Happy New Year, friends! I’m so excited to keep reading and chatting with you in this space as we start 2021.
I have a few confessions as we start The Voice of Melody by Kaylene Powell. First, I have not read Moby Dick, Hermon Melville’s 1851 novel inspired by the true story of the whale attack and sinking of the Essex and Owen Chase’s survival. I recently read in another book that many of us have classics on our to-read list just to be able to say we have read them, and I think I might be one of those people! Rest assured that if you are like me and haven’t gotten Moby Dick read yet, you don’t need to in order to enjoy The Voice of Melody.
Second confession: I honestly knew nothing about whaling or the whale industry. In a minute I will introduce the author, Kaylene, and let her share a bit of background for us. But I’m loving learning about this time in history from the book!
Peggy feels a bit like a cross-cultural sister, don’t you think? She is brave and strong in the midst of lonely circumstances, but she longs for a community of other women who understand her. She deals with childbirth in less-than-ideal conditions, faces off with a variety of threats to protect her little family, and holds tight to the hope of God’s provision for her in the ups and downs of daily life.
I love this line from chapter three: “[God’s] hands are upon me, upon Annie. He is guiding us in the storm, and He will see us safely through it. We are not alone.”
The promise of God’s hand on us through the storms can carry us through the joys and losses of cross-cultural life. I’m so grateful for that hope!
Now I want you to meet Kaylene! She has lived and worked overseas, and now shares a state with me, a fun fact I found out recently! Here’s some super helpful background info for us as we continue to work our way through The Voice of Melody.
This book is based on as many facts as I could find about the Chase family. At the few points where I knowingly made changes to those facts for plot continuity, you can read about them in the notes at the end. What you read about Owen Chase, his career, and his family circumstances are all true. He was incredibly fortunate in business, as whalemen went, but as many people would say, he was unlucky in life. I preferred, instead, to explore how he would have faced those hard life circumstances, and how his family would have faced them both when he was home and when he was away.
Due to the extensive hunting of whales, whale ship crews had to go on increasingly longer journeys each time. When men from Nantucket first began chasing and hunting whales in the 1700’s, they might only kill one at a time and drag it back to the island for processing. Later, when they figured out a way to harvest the oil (et al) at sea, they started going out on short trips for perhaps a couple of months. But they didn’t have to be gone too long because the nearby waters were rich with game. By the time Owen first went to sea, they might literally have to go to the ends of the earth to find enough whales to hunt to quench the demand for a supply. And that is what led them to the place where they encountered a very unique but completely real enemy: a whale that aggressively attacked their ship and crew.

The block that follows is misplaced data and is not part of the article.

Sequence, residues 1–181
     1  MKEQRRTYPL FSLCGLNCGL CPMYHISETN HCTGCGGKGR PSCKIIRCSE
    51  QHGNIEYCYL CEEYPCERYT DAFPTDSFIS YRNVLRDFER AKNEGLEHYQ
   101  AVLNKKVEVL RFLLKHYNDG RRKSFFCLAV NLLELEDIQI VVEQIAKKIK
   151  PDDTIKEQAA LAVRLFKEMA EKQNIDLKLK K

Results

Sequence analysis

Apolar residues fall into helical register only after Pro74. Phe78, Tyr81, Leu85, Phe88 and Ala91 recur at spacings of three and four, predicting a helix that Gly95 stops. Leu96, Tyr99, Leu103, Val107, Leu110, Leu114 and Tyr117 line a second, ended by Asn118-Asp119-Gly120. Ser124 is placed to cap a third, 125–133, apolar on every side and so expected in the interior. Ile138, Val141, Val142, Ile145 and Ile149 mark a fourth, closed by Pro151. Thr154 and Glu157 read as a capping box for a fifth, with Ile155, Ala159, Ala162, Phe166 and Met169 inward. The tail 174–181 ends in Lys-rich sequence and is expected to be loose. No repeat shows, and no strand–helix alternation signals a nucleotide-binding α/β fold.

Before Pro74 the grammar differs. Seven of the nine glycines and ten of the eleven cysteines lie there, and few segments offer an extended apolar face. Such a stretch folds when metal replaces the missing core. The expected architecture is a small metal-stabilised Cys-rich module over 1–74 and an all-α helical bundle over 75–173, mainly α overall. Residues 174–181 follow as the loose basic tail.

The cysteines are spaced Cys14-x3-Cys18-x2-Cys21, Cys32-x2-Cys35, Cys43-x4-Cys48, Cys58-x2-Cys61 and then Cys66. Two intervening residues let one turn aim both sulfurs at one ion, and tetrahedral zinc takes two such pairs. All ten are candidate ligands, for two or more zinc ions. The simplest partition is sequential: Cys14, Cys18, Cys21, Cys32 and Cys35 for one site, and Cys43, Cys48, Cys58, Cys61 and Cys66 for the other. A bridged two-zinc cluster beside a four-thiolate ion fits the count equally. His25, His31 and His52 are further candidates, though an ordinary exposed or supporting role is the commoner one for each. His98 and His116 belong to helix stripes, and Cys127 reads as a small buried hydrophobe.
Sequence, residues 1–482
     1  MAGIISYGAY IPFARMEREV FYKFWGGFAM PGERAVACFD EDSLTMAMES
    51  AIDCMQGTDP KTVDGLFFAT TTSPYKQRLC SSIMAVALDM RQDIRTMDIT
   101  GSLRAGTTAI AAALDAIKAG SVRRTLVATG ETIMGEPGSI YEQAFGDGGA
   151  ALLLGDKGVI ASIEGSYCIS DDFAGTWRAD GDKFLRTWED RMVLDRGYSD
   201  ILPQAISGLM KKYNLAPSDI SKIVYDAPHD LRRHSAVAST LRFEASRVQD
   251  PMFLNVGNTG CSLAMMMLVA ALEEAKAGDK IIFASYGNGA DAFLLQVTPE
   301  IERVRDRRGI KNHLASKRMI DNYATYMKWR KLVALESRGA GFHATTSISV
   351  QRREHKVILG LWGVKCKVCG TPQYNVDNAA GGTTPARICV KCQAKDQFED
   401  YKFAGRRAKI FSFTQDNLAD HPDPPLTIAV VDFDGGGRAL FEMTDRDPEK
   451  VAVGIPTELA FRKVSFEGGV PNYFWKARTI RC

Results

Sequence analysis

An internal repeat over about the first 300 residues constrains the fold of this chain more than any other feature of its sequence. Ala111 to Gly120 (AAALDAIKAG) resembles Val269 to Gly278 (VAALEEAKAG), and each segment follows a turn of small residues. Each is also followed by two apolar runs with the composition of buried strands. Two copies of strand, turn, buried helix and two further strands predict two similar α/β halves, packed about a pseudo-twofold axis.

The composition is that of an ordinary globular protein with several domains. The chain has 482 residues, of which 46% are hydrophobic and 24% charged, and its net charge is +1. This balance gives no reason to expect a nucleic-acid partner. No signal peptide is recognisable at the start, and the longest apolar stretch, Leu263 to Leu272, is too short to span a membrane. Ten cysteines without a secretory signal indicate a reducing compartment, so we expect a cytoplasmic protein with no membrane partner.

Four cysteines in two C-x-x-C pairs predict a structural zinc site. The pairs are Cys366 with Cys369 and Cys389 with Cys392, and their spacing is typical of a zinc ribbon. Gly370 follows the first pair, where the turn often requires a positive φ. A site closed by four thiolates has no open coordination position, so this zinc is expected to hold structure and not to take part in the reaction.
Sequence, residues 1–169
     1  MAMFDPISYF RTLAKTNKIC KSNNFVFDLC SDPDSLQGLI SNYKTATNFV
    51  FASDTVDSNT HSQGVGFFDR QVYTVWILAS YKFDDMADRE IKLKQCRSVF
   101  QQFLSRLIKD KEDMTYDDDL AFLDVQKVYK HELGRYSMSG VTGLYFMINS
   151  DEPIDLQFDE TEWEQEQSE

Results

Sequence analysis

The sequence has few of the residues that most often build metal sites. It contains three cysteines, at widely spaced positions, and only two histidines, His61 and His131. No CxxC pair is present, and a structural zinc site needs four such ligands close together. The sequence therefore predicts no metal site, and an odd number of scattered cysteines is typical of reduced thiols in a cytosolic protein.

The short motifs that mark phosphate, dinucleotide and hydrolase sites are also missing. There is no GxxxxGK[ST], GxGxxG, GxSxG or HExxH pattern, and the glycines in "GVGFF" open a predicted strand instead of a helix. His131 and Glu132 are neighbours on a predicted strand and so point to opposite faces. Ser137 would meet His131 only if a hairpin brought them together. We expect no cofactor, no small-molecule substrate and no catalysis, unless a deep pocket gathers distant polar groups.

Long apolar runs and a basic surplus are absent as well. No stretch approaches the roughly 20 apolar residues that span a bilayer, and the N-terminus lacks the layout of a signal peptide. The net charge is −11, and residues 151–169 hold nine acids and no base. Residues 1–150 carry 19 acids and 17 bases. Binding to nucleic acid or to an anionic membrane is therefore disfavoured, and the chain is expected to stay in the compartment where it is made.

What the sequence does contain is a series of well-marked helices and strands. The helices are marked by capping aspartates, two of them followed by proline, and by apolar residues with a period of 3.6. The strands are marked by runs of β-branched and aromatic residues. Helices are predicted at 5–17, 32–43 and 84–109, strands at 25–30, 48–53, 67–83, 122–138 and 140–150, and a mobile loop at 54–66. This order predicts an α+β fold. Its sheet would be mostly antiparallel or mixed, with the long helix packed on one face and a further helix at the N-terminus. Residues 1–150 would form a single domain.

During this time, as mail delivery and exchange were haphazard at best, it was very common to have little communication with a whaleman relative over months and years. One historical account from my research told of a captain husband and his wife back home who had to exchange several letters over about 14 months to settle a disagreement about a fairly simple household matter she was dealing with back home! Other elements of the common whaling community life will be apparent to you as you read, as I tried to wrap in many such details.
It is interesting to note that Nantucket ended up being something of a birthplace for the American suffragette and feminist movement. L. C. Mott, one of the earliest members of that movement, would be born and raised in this place where women had to take the reins and do so much on their own to survive and maintain peaceful homes in an orderly society. In fact, the island was the first location in America where women could legally be assigned power of attorney for men in their lives.
In my way of thinking, then, Nantucket was both a testimony to the need for the presence of godly husbands and fathers (felt so keenly in their absence) as well as a testimony to the sheer faith and presence of mind it took to live with hope in the face of so much uncertainty about the future. These factors and others make this story one that I think service member’s relatives and those living in other cultures can relate to very well. And while fashions and technology may change, the human experience in the face of struggle and tragedy is still, at its root, so similar and relatable.
I’m really grateful for Kaylene’s extensive research and filling in some extra details for us! Okay, over to you in the comments. Have you noticed any themes in the book that resonate with cross-cultural life? What do you think it would have been like to be part of the whaling community? What stuck out to you from this section?
Join us as we read The Voice of Melody in Book Club this month! Here’s the schedule for the rest of the book.
January 12th: Chapters 5-8
January 19th: Chapters 9-12
January 26th: Chapters 13-15 and Postlude